After the excitement of the foundation-stone laying the committee had to return to more mundane and difficult matters.
By mid-October the builder's first bill of £250 had been paid and a tender of £135 for heating apparatus accepted.
The committee were in negotiation with the Church Commissioners about building grants and had already had enquiries from Moor
Green about the possibility of purchasing the temporary wooden church. When it was sold, the wooden church in fact went to
the new parish of St. Mary and St. Ambrose on Pershore Road, where it still stands, now acting as the church hall.
other debate of importance was over whether the seats in the new church should be free and unappropriated. It had been the
custom in the Church of England for several centuries for seats in the pews to be sold to individuals as their exclusive properly
as a means of raising money for the incumbents stipend. Consequently, it was difficult for poorer people, who could not afford
seats, to gain entrance to many older churches. One of the main reasons for building St. Agnes was to provide a church with
more free seats for the poorer people of Moseley.
In the event it was agreed that half the seats in the new church should
be free and half appropriated, the division being down the centre of the nave. The (colder!) seats on the north side were
agreed as the free ones. Even this resolution was carried by only eight votes to six as some members of the committee could
already see financial problems looming.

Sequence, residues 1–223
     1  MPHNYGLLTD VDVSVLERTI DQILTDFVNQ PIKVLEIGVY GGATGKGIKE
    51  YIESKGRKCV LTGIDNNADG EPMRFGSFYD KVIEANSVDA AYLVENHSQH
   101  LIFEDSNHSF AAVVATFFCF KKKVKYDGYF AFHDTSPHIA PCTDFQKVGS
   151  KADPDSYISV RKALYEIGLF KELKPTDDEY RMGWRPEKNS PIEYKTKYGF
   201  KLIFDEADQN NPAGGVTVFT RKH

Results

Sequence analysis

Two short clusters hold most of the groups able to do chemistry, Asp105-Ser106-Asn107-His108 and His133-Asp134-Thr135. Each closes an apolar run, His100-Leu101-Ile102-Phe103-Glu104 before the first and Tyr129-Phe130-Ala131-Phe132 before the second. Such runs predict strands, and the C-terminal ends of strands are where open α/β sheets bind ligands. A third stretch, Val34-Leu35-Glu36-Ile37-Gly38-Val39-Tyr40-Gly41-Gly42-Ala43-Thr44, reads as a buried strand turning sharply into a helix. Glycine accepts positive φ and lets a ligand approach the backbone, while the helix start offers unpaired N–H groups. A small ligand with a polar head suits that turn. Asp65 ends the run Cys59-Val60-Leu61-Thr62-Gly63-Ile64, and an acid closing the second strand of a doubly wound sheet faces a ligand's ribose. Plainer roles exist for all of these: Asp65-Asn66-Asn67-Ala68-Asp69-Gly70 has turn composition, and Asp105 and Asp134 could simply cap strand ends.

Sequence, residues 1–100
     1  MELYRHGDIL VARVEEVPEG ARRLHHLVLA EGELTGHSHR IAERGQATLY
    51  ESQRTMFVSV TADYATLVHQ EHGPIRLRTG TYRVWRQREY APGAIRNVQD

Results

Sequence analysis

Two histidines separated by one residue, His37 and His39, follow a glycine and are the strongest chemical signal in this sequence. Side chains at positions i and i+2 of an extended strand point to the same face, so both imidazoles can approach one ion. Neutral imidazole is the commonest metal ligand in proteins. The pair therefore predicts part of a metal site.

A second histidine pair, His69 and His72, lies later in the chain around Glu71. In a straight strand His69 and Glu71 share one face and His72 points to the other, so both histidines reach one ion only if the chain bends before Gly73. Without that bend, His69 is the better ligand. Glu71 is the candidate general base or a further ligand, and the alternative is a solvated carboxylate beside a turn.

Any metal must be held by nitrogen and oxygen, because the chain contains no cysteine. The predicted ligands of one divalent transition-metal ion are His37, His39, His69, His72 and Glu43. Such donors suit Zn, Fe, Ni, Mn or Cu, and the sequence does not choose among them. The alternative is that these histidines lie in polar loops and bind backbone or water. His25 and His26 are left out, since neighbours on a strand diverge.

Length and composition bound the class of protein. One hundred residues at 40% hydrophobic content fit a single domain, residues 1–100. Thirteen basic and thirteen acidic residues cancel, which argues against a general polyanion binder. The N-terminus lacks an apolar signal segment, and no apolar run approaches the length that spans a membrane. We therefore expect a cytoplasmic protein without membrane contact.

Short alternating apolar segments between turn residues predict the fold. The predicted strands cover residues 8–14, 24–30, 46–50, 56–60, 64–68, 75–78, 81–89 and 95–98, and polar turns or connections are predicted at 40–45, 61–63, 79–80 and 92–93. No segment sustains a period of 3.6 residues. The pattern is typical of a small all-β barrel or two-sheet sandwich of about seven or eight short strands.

By April, 1884, finances could no longer be ignored and a new appeal leaflet
was prepared asking for further donations to raise the £2000 still required to complete the first section of the church.
Just over £3000 had already been promised and the leaflet lists all of these subscriptions. They range from three donations
of £100 down to a large number at one or two guineas. The appeal met with little success and two years later there was
still a debt of £1100 remaining unpaid on the final construction cost of £4,245.
The first part of
the new church was approaching completion by mid summer. The City Corporation laid gas pipes along St. Agnes Road for lighting
the church and Mr. Willmott, who had given the site, offered to build the stone wall around the churchyard and to plant a
holly hedge. The New Church Committee met for the last time on 28th August and W. H. Colmore, the Vicar proposed 'that
the Consecration of St. Agnes Church be fixed for October 29th, 1884',
The parts of the church which were completed
included the chancel, the north and south transepts and the first two bays of the nave and aisles. The organ chamber on the
north side of the chancel and a small vestry on the south side had been built, while the foundations of the remainder of the
body of the church had also been put in. A rough brick wall with a temporary door and porch sealed off the nave and aisles
at the second bay. St. Agnes is built of Hampstead red sandstone with Bath stone dressing and decorations on the outside,
and entirely of Bath stone inside.
This first part of the church was consecrated by Dr. Philpott, the Bishop of Worcester,
in which Diocese Moseley then lay, on October 29th, 1884. The day was a fine one, unlike that when the foundation stone was
laid, and the opening services were well attended.
These two pictures of St. Agnes after the first
phase shows the half length nave.
It took another 10 years to save enough money to
build the rest of it.